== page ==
Ex-smokers and non-smokers alike will understand the necessity of getting rid of smoke smells and smoke odors. Whether the smell of smoke is in your home or in your car, you know it's one of the worst odors imaginable. Cigarette smoke isn't a quaint smell like a wood furnace or a fireplace; it gets into everything: your carpets, your walls, your sheets, your clothes, your jackets, even in your hand bags. I think we've all known or have heard about that one aunt who smokes like a chimney and no one wants to visit her because her house smells like death—and now, thanks to her habit, she's dead and it's up to you to deodorize her house before your family puts it on the market. Or perhaps it's up to you to get the smoke odor out of the '89 Buick Century she managed to drive only on church days--or when she ran out of smokes. Well, hopefully the suggestions below will help you get the smell of cigarette smoke out of whatever it is that needs it.
Smoke Smell Removal
There's something about vinegar that gets rid of smoke smell. Because the smell of smoke is caused by the leftover resins and tars, vinegar (an acid that cuts through resin and tar) is a great way to clean those surfaces that aren't made of fabric, and perhaps, some that are fabric. I know what you're thinking; vinegar doesn't smell much better than smoke. Well, that's true, but the smell of vinegar eventually diminishes, cigarette smoke doesn't.
The carpets need to be shampooed if you want to remove smoke smell. You have a couple of options here; you can either go to your local hardware store and rent a carpet steam cleaner and shampoo the carpets yourself, or you can hire a professional to bring in a big truck and do the dirty work for you. If you want to save money, the choice is obvious, and the guarantees some businesses will make these days smell funnier than the smoke odor you want them to remove.
Baking soda is a good way to get rid of smoke odor. Now, this takes time because what you want to do is get a box of Arm & Hammer, dust the furniture and the carpets (if they haven't been shampooed), and leave the baking soda to settle for a day or so. That will give it time to absorb some of the smoke smell and moisture around it. Then, vacuum it up and repeat the process a few more times over the course of a week. Use scented baking soda if you like.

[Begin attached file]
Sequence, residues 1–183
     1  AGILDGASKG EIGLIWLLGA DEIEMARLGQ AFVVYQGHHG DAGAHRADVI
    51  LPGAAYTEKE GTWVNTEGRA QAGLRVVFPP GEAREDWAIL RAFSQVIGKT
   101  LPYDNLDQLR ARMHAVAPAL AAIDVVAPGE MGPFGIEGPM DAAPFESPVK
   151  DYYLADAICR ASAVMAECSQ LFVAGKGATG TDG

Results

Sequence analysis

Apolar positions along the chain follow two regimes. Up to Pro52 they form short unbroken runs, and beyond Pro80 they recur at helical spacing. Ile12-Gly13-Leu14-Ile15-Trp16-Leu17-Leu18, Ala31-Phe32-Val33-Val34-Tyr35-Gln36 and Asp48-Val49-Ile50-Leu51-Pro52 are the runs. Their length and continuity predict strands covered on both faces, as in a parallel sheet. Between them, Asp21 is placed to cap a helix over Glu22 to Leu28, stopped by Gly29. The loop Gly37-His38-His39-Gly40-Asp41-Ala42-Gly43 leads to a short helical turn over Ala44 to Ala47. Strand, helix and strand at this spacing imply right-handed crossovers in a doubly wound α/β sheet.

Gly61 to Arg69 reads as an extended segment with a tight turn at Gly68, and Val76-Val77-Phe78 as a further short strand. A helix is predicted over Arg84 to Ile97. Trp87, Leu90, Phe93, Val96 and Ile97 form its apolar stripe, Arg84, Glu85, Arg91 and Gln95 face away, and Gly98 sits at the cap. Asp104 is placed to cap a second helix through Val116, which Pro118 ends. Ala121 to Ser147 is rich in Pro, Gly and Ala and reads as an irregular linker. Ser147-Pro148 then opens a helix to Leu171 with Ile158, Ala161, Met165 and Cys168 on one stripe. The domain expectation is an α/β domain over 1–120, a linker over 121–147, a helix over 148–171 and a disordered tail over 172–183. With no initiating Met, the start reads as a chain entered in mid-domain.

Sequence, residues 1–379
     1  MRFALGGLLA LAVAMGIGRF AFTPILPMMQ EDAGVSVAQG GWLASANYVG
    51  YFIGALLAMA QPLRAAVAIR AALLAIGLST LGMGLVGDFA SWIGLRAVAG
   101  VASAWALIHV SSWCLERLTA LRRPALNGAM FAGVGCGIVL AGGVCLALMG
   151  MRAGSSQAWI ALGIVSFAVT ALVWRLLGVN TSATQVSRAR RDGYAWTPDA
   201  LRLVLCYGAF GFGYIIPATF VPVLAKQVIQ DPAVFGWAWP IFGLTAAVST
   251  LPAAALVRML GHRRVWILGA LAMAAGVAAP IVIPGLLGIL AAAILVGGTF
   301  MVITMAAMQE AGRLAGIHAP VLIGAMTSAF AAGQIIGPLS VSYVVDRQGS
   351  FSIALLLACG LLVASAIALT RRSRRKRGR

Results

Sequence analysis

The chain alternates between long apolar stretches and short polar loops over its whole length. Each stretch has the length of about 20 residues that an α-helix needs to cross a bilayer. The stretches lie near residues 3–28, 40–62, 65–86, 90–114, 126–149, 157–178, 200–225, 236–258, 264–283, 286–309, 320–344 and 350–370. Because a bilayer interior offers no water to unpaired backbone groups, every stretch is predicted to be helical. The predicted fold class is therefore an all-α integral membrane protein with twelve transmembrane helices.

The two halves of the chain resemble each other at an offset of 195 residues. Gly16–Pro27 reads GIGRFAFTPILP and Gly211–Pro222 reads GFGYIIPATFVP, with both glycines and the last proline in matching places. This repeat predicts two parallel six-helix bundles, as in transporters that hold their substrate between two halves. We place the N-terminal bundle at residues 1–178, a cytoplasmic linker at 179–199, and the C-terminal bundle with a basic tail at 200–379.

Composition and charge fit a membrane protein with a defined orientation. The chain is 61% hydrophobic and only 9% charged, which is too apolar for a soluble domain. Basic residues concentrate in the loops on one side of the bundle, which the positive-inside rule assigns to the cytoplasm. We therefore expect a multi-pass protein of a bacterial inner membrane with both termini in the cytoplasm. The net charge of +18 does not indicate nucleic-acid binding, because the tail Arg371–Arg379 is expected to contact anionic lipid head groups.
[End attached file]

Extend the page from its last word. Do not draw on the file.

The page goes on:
Shades, curtains, and fixtures need to be cleaned to get rid of smoke odor. A lot of people forget to clean things like shades, chandeliers, curtains, and wall hangings, but these things have probably collected quite a bit of tar and resin from years of hanging smoke. Do yourself a favor and put the curtains in the washer, buy new shades, and wipe down the chandelier with a good dose of ammonia, just to make sure that smell is gone.
Fresh air is probably the best way to remove smoke smell and odor from a home. It turns out that opening the windows and doors every couple of days for a whole day will help get the stink of cigarettes out of a home. Lord knows why, but I imagine the air flow allows tar and resin particles to escape, leaving the house smelling more like a house than a tar pit.
Smoke Smell and Odor Removal Products
Don't be fooled by the claims of odor removal products. If it doesn't have a cleaning agent in it, you're not going to get rid of the smoke smell. Scent-generating deodorizers only serve to mask the smell. Once you take them out of the house, you'll notice the smell of old cigarettes again. Of course, we've all heard of Febreze, and wonder why it works.
Well, Febreze uses a chemical compound called cyclodextrin that has been used in household and custodial cleaning products for quite some time. The sugar-like substance doesn't necessarily "clean" the odors out, but acts as an absorbent like baking soda or charcoal, to help soak the odor out. Yes, Febreze does work, but let's be honest with ourselves. Spraying everything down with Febreze isn't the answer to years and years of built up cigarette tars and resins.
There is one thing I would suggest in an odor removal product and that is activated charcoal. Charcoal is used not only to filter water and other things, but is also used to soak up odors, just like baking soda. If you see charcoal in an odor removing product, it's likely to succeed at removing odors.